Last semester I wrote a paper Jesus as the New Moses in Matthew. One of the resources that came up during my search was James McGrath‘s John’s Apologetic Christology. Since it had more to do with Jesus and Moses in John, I didn’t pay much attention to it.

As I was looking at potential topics for the MA thesis, I put down Johannine Christology as one. Now that Johannine Christology has made it to the final round, I decided to do some reading on it. The potential advisor I sought for this topic pointed me to agent Christology in John. I found that McGrath has a great chapter on that titled “God’s equal or God’s agent,” taken from John 5.

As I have always had an interest in John’s prologue, I decided to read McGrath on the prologue in the section dealing with Jesus and Moses. This quote I found particularly interesting:

John appears to have in mind here in the prologue the Exodus/Sinai traditions in the Jewish Scriptures. Just as in John 3 it is denied that Moses ascended, so here it is denied that Moses actually saw God: Moses, it is implied, saw the Logos, the one who alone can see God.1

McGrath there points out from this text something I was completely oblivious to, even though I’ve heard and read plenty of times that Moses did not actually see God. The idea that it was the Logos that interacted with Moses accords well with what the early Christian writer Justin Martyr wrote:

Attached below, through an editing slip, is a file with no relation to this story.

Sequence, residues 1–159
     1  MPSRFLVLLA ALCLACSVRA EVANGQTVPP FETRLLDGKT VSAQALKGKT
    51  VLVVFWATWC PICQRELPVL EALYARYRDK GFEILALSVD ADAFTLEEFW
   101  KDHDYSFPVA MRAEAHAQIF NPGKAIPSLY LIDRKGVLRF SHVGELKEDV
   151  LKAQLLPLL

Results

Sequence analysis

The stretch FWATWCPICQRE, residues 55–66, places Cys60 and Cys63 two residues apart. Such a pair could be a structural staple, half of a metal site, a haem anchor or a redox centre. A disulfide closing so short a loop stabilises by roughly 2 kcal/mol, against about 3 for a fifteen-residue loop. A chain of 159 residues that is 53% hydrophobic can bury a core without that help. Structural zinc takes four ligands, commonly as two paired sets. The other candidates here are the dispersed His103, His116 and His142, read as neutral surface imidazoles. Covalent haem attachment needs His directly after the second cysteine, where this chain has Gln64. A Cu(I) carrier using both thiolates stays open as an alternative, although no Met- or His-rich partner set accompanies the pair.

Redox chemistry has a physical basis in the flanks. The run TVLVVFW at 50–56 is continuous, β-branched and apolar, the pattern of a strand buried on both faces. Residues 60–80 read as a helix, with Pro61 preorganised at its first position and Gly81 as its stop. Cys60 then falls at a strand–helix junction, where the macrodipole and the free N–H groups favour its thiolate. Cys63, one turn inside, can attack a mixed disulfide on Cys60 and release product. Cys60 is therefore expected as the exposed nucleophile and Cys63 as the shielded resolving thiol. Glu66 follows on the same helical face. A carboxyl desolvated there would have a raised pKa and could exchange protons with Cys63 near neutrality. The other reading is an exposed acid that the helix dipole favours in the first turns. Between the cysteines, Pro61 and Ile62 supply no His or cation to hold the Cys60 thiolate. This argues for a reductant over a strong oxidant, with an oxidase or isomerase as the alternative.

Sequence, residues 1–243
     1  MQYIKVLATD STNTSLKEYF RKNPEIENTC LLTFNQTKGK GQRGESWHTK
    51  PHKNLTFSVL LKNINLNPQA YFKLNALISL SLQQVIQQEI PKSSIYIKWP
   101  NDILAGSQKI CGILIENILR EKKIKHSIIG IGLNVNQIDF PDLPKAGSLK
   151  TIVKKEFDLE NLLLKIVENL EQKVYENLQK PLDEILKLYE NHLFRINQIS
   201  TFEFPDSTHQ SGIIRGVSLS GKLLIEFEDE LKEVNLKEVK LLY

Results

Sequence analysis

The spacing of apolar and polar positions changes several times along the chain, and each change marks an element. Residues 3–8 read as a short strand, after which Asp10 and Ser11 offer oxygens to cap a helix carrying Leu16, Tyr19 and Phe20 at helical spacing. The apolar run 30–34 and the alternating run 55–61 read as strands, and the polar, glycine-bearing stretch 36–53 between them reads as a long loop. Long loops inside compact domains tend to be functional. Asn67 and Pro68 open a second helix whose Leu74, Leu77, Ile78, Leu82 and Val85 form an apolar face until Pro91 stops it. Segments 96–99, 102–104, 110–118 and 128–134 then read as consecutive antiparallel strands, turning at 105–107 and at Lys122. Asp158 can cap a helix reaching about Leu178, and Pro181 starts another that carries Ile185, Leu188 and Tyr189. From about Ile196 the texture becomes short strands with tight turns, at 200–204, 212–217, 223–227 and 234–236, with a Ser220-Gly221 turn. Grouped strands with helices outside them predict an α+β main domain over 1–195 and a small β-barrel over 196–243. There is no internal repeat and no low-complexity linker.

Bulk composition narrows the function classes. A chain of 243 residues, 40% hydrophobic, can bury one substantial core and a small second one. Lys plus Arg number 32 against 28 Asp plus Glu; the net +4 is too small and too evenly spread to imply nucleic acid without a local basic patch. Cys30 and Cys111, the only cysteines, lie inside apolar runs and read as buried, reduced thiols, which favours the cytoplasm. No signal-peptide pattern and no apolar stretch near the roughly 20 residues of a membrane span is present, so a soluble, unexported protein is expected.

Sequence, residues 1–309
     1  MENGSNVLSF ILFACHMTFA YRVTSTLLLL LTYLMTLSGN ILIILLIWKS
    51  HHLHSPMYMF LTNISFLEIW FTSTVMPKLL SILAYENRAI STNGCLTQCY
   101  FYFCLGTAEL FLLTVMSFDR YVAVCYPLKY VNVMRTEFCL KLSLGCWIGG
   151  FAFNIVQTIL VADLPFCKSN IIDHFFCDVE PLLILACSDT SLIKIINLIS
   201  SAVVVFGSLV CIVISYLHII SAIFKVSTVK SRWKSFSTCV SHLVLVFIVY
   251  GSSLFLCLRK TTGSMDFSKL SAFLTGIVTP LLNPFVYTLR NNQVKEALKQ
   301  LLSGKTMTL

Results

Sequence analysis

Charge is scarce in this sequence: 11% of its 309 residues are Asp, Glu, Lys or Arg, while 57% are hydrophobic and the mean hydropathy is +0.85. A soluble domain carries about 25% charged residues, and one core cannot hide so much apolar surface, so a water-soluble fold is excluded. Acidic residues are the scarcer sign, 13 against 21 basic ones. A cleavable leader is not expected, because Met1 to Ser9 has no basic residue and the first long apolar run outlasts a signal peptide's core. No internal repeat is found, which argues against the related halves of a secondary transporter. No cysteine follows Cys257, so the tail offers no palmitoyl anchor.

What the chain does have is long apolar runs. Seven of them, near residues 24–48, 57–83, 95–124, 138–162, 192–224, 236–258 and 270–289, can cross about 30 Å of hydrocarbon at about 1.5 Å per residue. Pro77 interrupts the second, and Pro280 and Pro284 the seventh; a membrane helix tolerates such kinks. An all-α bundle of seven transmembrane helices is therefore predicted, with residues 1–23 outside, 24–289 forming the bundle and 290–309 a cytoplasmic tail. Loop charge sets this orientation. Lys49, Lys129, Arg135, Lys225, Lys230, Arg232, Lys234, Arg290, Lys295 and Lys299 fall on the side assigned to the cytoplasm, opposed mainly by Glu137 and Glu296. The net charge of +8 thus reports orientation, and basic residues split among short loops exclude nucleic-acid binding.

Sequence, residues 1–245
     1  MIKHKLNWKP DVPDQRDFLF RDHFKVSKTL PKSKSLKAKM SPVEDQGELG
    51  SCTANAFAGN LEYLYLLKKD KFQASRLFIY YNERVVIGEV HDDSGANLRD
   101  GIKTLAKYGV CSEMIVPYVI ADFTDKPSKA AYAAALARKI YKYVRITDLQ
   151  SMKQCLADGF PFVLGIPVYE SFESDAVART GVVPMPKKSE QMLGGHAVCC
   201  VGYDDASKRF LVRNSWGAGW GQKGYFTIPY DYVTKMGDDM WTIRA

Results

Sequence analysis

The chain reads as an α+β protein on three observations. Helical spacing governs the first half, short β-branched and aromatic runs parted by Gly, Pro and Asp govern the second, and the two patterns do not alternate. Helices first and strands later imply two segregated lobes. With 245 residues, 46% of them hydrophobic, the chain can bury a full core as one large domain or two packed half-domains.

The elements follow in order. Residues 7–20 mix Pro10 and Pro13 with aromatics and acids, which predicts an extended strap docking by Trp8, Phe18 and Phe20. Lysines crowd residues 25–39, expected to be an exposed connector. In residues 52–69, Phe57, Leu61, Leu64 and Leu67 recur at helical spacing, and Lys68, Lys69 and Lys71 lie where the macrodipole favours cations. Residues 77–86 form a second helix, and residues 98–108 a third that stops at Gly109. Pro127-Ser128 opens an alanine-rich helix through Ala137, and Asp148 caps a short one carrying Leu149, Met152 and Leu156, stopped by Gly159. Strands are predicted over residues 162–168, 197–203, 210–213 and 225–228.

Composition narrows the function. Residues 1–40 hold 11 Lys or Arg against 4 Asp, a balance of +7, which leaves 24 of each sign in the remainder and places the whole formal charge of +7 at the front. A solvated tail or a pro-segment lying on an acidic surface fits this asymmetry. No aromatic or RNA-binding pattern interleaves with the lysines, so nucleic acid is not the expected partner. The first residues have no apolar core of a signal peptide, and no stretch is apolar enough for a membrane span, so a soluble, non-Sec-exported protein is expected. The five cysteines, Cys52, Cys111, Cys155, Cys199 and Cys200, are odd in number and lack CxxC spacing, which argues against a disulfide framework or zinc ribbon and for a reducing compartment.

The Jews, accordingly, being throughout of opinion that it was the Father of the universe who spake to Moses, though He who spake to him was indeed the Son of God, who is called both Angel and Apostle, are justly charged, both by the Spirit of prophecy and by Christ Himself, with knowing neither the Father nor the Son. For they who affirm that the Son is the Father, are proved neither to have become acquainted with the Father, nor to know that the Father of the universe has a Son; who also, being the first-begotten Word of God, is even God.2

McGrath continues:

The difference between Jesus and Moses is thus one of kind rather than degree: the Word spoke to Moses, but became Jesus. Or to paraphrase Johannine terminology, the Word gave revelation through Moses, but appeared on the scene of human history as the human being Jesus. John is thus using traditional Wisdom categories, but has identified Jesus and Wisdom more fully and completely than any other before him, thus altering in subtle but extremely important ways his understanding of Jesus.3

Jesus is superior to Moses because Jesus is God’s Wisdom. This Wisdom is personified as an attribute of God but yet distinct from God (Proverbs 8). It seems that for John, the Logos was one that was distinct from God but also God. With these considerations, it is hard to see how the creeds and the doctrine of the Trinity could not be derived from Scripture.


1 James F. McGrath, John’s Apologetic Christology: Legitimation and Development in Johannine Christology (Cambridge, UK: Cambridge University Press, 2001), 156.[Back]

2 Justin Martyr, First Apology, chapter 63, ed. Alexander Roberts and James Donaldson, Ante-Nicene Fathers 1, (accessed January 24, 2010).[Back]

3 McGrath, 156.[Back]